ering until about October 11th, whe.n it took up its line of march for Chatta-
nooga, Tennessee. Crossing the Cumberland mountaiiis near Decherd, Ten-
nessee, it pontooned across the Tennessee river at Bridgeport, Alabama, and
climbing Sand mountain debouched into Lookout Valley, reaching Trenton
about the 20th, where Lieutant Burton was relieved as division ordnance of-
ficer and detailed to the command of Battery I of the First Regiment of
Illinois Light Artillery. While commanding Battery I he participated in
the battle of Missionary Ridge, following which the army went into winter
quarters at Bridgeport and Lieutenant Burton was detailed home on recruit-
ing service. About the middle of April, 1864, Lieutenant Burton, having
been promoted to the captaincy of his battery, joined his command at
Stephenson, Alabama, with a large number of recruits, bringing his com-
mand to its maximum strength of one hundred and fifty-six men and en-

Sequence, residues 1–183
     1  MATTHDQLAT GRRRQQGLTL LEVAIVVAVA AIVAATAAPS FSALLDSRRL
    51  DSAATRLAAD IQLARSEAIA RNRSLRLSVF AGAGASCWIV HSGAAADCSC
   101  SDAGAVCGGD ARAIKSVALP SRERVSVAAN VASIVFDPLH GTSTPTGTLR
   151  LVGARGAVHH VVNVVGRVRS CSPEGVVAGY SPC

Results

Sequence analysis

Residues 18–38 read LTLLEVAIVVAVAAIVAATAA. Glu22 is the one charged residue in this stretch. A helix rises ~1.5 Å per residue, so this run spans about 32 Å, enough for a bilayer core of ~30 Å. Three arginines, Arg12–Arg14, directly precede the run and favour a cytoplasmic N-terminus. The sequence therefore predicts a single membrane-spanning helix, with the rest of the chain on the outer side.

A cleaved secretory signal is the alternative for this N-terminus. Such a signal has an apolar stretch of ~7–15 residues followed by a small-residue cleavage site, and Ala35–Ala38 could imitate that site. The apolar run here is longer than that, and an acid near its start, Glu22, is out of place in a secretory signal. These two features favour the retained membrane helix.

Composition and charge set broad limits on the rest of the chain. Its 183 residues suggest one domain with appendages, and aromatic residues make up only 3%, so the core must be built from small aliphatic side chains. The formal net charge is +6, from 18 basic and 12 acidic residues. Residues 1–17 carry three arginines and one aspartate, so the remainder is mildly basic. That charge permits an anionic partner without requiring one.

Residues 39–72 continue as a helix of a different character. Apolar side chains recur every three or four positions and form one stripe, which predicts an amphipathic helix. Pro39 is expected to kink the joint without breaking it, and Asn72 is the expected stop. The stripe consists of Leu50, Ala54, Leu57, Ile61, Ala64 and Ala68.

titling him to six guns, with which he was supplied. On May 1, 1864, Cap-
tain Burton's Battery, attached to the Fourth Division of the Fifteenth Army
Corps, moved with the Army of the Tennessee by the way of Chattanooga
and Crawfish Springs, through Snake Creek Gap, and fought the battle of
Resaca, flanking the Confederat&s out of Buzzard's Roost, where they were
strongly fortified. Johnston retired and Sherman pursued, through Kings-
ton and Cassville, until on the 26th his fortifications were encountered at
Dallas. Along this line the fighting was continuous until about the 20th
of June and Johnston was crowded back to Kenesaw Mountain, where he
again made a stand and Battery F was again under fire.

On July 3 Johnston fell back to the Chattahoochee river, closely pur-
sued. On July 13th the Ffteenth Corps moved up the river about sixteen
miles to Roswell, where a bridge had escaped destruction and, crossing, by
the 18th was astride the Augusta Railroad, reaching Decatur, about seven
miles east of Atlanta, that afternoon. On the 20th Battery F, with a force